The downing of a CH-47 Chinook helicopter on Saturday, August 6, that claimed the lives of 38, some 60 miles southwest of Kabul, will go down as the largest loss of life for US forces during the course of the ten-year war. The bodies of the troops, including 22 members of the elite Navy SEALS, were due to arrive at Dover Air Force Base on August 9.
The Chinook transport helicopter went down during an anti-Taliban operation in the remote Tangi Valley of Wardak province, reportedly after being fired on by an insurgent rocket-propelled grenade. Seven Afghan soldiers and an Afghan interpreter were among the 38 killed. NATO says that an investigation is under way to determine the exact cause of the crash.
COMMENT: Although this incident is profoundly tragic for the victims of the crash and their survivors, it is an understatement that crashes of the Chinook are not rare. For years there have been questions concerning the aircraft's aerodynamics, particularly at high altitudes. Even though the Chinook is probably able to accommodate altitude far better than most helicopters, high altitudes and heavy payloads can be a dangerous combination that forces the Chinook to fly at the limits of its capabilities. At sea level, dense air helps create lift, but at high altitudes, heat and humidity lowers air density, causing takeoffs, climbs and hovering to reach dangerous levels. The end result is that all three environmental conditions deprive the engines of less air which produces less power and maneuverability. Although the Chinook can fly at higher altitudes far better than most helicopters, that doesn't mean that the aircraft has high maneuverability in countering ground attacks.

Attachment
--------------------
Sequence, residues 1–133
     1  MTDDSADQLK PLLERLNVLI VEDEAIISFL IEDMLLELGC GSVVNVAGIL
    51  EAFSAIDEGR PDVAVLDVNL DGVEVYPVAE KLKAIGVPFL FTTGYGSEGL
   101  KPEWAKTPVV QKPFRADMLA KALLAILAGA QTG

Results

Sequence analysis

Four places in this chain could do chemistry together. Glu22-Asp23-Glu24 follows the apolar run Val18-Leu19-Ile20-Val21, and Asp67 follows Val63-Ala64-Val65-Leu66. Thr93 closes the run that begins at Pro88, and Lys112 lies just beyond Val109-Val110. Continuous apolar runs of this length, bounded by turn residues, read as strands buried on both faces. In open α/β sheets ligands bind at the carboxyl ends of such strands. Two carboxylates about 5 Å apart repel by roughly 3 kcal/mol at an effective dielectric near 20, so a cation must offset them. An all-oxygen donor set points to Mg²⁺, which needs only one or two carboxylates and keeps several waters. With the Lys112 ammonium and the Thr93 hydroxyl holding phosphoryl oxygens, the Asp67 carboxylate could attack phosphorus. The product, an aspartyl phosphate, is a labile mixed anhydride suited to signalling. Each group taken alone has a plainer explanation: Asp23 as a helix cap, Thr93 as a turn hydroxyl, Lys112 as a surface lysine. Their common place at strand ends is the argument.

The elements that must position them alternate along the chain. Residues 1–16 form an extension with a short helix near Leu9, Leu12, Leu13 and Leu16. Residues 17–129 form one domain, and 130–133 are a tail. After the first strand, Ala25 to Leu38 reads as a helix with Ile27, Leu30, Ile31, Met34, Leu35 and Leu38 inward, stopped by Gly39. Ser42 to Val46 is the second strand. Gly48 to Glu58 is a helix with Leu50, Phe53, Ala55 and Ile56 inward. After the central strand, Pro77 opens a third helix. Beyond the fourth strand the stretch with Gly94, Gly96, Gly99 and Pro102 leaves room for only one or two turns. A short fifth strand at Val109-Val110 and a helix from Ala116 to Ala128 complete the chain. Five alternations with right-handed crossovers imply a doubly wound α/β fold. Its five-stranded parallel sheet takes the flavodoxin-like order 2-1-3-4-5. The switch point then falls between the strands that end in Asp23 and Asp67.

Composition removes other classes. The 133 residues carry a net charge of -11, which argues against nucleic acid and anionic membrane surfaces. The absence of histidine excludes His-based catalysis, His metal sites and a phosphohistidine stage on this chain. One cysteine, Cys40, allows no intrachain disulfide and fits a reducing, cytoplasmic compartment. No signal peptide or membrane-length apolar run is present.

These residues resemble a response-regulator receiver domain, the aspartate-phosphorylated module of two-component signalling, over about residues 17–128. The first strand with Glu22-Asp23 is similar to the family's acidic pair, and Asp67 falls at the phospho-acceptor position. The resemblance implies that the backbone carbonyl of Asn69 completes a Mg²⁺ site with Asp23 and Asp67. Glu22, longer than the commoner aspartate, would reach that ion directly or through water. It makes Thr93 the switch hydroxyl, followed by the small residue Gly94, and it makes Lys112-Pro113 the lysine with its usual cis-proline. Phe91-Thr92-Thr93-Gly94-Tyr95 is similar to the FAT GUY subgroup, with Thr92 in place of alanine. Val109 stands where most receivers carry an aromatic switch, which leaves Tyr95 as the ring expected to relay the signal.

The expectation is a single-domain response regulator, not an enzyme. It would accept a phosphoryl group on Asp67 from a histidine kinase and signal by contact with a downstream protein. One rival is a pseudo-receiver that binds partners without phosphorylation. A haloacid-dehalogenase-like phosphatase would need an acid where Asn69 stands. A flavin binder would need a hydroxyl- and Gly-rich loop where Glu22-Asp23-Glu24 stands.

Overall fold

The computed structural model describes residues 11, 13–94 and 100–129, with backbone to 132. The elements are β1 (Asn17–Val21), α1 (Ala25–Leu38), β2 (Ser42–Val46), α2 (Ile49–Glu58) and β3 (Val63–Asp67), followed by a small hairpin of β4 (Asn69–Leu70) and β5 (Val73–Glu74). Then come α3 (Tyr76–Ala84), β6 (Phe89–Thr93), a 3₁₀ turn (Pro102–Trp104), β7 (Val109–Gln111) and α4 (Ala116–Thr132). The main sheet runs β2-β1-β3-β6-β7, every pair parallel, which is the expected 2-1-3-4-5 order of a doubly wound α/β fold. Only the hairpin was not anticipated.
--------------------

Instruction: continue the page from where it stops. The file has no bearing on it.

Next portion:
Another factor relative to this accident pertains to the extremely large number of special operations personnel that were aboard the aircraft, considering the high-cost of training of such operatives and the fact that they are few in number in a military theater where dependence on special ops troops is so high.